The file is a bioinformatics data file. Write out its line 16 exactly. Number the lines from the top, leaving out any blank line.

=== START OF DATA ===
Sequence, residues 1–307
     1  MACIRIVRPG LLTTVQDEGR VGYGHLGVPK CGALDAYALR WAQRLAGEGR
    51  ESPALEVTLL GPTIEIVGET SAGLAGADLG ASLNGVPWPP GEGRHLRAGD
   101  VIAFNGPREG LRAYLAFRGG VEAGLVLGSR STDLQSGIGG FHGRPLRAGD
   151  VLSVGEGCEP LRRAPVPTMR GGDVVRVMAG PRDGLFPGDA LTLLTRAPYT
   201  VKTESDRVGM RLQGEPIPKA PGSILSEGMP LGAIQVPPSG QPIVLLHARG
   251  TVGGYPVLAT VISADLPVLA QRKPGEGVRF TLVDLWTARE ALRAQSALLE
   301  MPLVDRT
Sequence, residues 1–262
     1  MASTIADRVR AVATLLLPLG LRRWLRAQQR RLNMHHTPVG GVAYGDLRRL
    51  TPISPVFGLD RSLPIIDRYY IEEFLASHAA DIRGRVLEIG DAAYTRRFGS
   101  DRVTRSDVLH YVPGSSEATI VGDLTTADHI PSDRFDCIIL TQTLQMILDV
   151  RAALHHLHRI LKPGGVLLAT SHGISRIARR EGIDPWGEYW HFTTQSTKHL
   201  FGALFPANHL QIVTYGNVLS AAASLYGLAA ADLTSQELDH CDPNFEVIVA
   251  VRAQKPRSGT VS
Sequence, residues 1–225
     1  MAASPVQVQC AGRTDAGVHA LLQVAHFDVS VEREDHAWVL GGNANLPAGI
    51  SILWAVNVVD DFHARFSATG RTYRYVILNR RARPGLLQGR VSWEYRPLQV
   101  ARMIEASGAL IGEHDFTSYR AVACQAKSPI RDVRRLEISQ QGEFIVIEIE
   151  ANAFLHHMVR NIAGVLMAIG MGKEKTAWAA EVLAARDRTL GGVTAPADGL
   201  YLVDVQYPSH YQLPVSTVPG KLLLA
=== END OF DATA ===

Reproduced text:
Sequence, residues 1–225